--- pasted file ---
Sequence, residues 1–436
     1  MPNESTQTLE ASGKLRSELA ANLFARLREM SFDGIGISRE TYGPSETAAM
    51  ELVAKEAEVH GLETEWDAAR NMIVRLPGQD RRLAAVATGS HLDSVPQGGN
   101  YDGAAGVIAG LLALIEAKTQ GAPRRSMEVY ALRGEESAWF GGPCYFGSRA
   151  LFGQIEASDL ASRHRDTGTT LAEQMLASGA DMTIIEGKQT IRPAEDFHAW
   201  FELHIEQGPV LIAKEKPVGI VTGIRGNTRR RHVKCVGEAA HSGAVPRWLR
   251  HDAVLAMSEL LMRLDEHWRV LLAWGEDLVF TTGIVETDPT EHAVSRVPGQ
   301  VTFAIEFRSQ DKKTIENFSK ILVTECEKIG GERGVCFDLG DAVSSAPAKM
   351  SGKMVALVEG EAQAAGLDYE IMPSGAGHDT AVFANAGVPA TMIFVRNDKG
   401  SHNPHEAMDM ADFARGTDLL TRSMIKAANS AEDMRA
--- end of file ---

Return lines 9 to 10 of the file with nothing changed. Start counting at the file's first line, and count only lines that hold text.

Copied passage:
   351  SGKMVALVEG EAQAAGLDYE IMPSGAGHDT AVFANAGVPA TMIFVRNDKG
   401  SHNPHEAMDM ADFARGTDLL TRSMIKAANS AEDMRA